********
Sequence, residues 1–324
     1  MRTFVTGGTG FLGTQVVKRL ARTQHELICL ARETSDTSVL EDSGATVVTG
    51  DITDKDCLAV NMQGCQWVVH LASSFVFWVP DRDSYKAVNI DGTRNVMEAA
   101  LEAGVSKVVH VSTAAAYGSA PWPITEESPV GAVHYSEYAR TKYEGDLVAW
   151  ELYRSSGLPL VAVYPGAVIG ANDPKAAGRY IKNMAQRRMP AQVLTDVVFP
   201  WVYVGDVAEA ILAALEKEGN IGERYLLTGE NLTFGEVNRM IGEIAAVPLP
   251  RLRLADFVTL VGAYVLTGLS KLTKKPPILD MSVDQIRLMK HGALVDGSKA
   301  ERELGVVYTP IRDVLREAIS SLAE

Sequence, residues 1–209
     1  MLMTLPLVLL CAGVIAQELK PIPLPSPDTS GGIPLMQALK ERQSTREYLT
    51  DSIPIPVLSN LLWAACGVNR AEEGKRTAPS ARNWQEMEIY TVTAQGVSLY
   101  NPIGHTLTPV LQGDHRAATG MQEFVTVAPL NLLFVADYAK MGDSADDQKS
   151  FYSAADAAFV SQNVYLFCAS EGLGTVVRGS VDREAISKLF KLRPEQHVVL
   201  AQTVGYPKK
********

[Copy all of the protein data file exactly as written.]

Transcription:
Sequence, residues 1–324
     1  MRTFVTGGTG FLGTQVVKRL ARTQHELICL ARETSDTSVL EDSGATVVTG
    51  DITDKDCLAV NMQGCQWVVH LASSFVFWVP DRDSYKAVNI DGTRNVMEAA
   101  LEAGVSKVVH VSTAAAYGSA PWPITEESPV GAVHYSEYAR TKYEGDLVAW
   151  ELYRSSGLPL VAVYPGAVIG ANDPKAAGRY IKNMAQRRMP AQVLTDVVFP
   201  WVYVGDVAEA ILAALEKEGN IGERYLLTGE NLTFGEVNRM IGEIAAVPLP
   251  RLRLADFVTL VGAYVLTGLS KLTKKPPILD MSVDQIRLMK HGALVDGSKA
   301  ERELGVVYTP IRDVLREAIS SLAE

Sequence, residues 1–209
     1  MLMTLPLVLL CAGVIAQELK PIPLPSPDTS GGIPLMQALK ERQSTREYLT
    51  DSIPIPVLSN LLWAACGVNR AEEGKRTAPS ARNWQEMEIY TVTAQGVSLY
   101  NPIGHTLTPV LQGDHRAATG MQEFVTVAPL NLLFVADYAK MGDSADDQKS
   151  FYSAADAAFV SQNVYLFCAS EGLGTVVRGS VDREAISKLF KLRPEQHVVL
   201  AQTVGYPKK